Notes on the Atrocities Like a 100-watt radio station, broadcasting to the dozens...
Monday, May 24, 2004
What I'd Do
Which raises the question I've been pondering--what should we do in Iraq? The first thing is to determine what outcome we'd like. This is something the White House neglected--I assume because the forces within it couldn't agree. The public answer has been "a free and democratic Iraq," but transfering sovereignty at this moment is the one way to ensure freedom and democracy are killed quickly and painfully. But is that even the right answer?
To achieve a free and democratic Iraq, several conditions must be met, and these are long projects indeed--if they are to be successful at all. The first step is stability. Next, racial and sectarian hatred must be addressed. I don't know that this is possible, but for the sake of a more interesting post, let's assume it is. Next are all the usual prerequisites--education, a good economy, decent health care. Now, finally, the country may be ready for some democracy. Probably there needs to be an interim government with UN oversight while a true constitution is drafted. And now, 20 years later, Iraq is finally ready to fly on its own.
I think a more natural process of democracy is warranted. Iraq, a strange mixture of Sunni, Shi'a, and Kurdish populations, has never determined its own destiny. The nation became a nation after an occupying force drew a line on a map. Now it stands ready to receive similar treatment from a second occupier (though this time the terrain is political, not geographic). Is forced democracy democracy at all? Do the citizens living in what is now Iraq wish to be abandoned to whatever the Pentagon dreams up tonight?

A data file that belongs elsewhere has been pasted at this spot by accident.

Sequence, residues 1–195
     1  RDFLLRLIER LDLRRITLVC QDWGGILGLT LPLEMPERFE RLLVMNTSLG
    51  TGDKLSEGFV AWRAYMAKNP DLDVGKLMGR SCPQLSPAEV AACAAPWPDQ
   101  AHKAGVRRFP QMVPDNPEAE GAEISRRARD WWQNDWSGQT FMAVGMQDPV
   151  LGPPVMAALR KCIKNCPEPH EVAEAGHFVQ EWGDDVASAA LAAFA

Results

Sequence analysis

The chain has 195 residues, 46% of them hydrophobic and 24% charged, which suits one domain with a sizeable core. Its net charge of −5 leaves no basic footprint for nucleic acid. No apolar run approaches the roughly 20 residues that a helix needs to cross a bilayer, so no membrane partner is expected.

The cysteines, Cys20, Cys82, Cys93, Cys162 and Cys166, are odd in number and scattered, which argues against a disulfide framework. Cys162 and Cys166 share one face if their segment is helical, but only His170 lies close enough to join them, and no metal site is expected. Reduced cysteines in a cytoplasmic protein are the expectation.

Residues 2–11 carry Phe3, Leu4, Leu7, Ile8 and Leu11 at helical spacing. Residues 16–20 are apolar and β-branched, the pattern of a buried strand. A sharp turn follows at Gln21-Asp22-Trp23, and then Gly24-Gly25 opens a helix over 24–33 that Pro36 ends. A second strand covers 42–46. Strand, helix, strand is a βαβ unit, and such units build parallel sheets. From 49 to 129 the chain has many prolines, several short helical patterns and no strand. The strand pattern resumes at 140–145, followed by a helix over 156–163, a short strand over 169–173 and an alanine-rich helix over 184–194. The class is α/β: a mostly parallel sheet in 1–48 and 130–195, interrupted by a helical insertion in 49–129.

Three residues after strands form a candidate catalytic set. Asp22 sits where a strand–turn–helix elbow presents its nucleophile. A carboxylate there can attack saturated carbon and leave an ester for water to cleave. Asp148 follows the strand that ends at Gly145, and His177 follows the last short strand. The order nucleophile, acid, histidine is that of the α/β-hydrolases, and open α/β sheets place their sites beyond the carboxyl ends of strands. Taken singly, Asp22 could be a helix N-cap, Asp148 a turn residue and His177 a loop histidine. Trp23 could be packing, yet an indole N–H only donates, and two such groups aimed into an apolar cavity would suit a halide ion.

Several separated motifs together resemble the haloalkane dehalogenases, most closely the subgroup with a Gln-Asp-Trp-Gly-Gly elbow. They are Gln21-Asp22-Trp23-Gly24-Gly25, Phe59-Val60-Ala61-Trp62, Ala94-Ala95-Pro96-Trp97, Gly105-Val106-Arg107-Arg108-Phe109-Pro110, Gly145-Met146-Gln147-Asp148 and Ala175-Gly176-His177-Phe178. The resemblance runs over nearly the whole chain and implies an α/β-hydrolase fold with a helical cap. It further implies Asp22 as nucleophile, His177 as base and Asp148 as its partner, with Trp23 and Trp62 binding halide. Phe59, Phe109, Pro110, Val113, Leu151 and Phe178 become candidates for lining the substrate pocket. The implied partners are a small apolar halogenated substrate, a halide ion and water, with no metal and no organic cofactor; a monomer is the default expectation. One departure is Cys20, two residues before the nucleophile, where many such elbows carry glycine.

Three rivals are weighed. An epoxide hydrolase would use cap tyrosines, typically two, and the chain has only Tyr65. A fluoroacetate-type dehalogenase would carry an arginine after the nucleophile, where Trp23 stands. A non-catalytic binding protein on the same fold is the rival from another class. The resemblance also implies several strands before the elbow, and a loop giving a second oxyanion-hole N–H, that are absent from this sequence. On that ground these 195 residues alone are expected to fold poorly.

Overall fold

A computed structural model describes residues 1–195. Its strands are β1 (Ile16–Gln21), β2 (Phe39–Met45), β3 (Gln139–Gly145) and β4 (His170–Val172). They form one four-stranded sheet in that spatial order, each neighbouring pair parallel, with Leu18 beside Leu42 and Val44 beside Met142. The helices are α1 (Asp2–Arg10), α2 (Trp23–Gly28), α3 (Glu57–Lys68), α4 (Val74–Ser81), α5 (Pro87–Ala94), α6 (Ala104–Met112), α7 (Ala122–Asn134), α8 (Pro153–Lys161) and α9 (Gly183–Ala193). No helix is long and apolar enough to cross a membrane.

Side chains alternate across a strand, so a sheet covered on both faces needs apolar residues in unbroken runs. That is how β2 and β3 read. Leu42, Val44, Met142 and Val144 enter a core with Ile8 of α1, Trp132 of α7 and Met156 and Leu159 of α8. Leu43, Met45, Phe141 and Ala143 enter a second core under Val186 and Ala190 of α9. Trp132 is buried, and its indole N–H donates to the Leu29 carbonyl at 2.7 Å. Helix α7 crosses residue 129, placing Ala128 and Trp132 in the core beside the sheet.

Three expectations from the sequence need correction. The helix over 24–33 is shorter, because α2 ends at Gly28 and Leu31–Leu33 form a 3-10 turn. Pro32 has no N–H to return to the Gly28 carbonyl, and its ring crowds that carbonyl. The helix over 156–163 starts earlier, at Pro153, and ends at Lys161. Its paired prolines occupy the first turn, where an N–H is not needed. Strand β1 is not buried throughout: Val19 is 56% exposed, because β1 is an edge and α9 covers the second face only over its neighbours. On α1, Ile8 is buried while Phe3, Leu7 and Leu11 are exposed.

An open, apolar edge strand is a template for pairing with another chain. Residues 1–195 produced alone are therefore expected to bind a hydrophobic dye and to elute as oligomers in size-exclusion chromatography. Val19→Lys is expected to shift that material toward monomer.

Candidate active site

The Iraq situation is far from unique. Every year, we watch a situation play out in which a country is rent by forces within its own population. As a global community, we haven't explored solutions to the situation beyond brief stopgaps that sew instability into the country's future. What Iraq needs is a global time-out. Call it a ten-year plan wherein a provisional federal government is set up to conduct a series of reforms. These reforms are standardized (sorta like the IMF's, but designed to benefit the country, not bloodsucker first-world nations), so they follow an established course. Along the way, democratic government is slowly introduced, from the local level on up. In the final stage, a constitution is drafted by local leaders and elections are held.
Stability isn't cheap or easy. The notion that we'd storm in, slaughter a few baddies, build some election booths and be on our merry way was patent stupidity. We're fortunate that the Bushies had a free hand to execute their stupidity--nothing could have more clearly proven the point than they have. Now the grown-ups need to put aside the overheated rhetoric of the neocons, roll up their sleeves, and do the hard work.